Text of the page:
For many years Isabella had an advice column in a popular Christian magazine. She used the column to answer readers’ concerns—from a Christian perspective—on a variety of topics.
In 1897 she received a surprising letter from a young woman who regretted turning down a marriage proposal.
Here is the letter:
Suppose a gentleman had proposed marriage to a lady by letter, although he lived in the same town with her, and she, vexed at this, had simply returned the letter without other reply. Yet suppose that she loved the man, and believed him in every way worthy. What could she do to right matters?
Here is Isabella’s reply:
Yours is an extremely difficult question to answer. If I were the gentleman, it would take a good deal to “right matters.”
I am simply amazed at the number of young women who seem to be interested in a question of this kind. Why, in the name of common sense, should not a gentleman propose marriage by letter if that method suits him best? Certainly there is no discourtesy in such a letter. If he felt that in the quiet of his own room he could express the thought and desire of his heart better than he could by speech, the probabilities are that he is a thoughtful, earnest, sensible man. For such a man to condone the discourtesy of returning him his honest letter without other answer would, I should think, be very difficult.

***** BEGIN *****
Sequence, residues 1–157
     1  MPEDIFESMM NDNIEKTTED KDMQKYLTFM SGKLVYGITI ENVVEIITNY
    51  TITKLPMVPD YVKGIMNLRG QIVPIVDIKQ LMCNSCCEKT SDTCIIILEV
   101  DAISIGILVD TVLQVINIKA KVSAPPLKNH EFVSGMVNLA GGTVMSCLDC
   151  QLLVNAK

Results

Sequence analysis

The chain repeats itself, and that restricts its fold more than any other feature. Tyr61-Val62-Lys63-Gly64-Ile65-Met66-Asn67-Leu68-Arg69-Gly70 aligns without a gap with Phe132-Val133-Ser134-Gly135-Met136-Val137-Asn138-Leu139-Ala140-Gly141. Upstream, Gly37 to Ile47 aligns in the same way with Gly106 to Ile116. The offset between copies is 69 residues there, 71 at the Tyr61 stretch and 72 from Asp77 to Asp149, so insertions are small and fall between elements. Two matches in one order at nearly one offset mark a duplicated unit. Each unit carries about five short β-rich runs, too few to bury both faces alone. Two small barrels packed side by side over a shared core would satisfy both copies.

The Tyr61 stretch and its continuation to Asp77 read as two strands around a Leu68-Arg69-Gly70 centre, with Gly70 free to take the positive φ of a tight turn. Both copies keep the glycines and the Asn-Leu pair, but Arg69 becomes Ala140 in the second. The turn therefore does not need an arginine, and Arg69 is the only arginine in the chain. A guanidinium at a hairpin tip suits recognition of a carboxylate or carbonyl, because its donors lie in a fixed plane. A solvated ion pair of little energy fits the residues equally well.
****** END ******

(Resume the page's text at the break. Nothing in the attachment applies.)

Honestly, the possibilities are that he would decide that he had been mistaken in the character of the lady, and had made a narrow escape.
It is all very well to cultivate dignity and a certain fine self-respect; every true woman, even though she be quite young, should be enveloped by these as with a garment; but there is in some natures a tendency to let these degenerate until the persons become—what shall I say? Finical? Over nice? Neither of these quite covers the thought, but perhaps you understand me.
Do you not know people who seem to be on the watch for something at which to take offence, people who will not hesitate to stab the deepest feelings of their dearest friends because of some fancied slight or discourtesy? I know young ladies who pride themselves upon their extreme sensitiveness in such directions, and seem to think that they are made of finer grain than others, when the fact is that there is really no trait easier to cultivate. To think much about one’s self, and to imagine that others do not think enough about us, seems to be first, instead of second, nature to many.
Now, after this lengthy digression, let me try to answer the question, “What can be done to right matters?”
My dear, if you are really a sincere, self-respecting girl, and the gentleman has the character that you ascribe to him, write him a letter stating frankly that you unwittingly insulted him; that you are ashamed of yourself, and want to be forgiven. That may “right matters” in your individual case, and it may not. It depends on whether the gentleman is high-minded and unselfish, and so deeply attached to you that he is able to overlook your faults.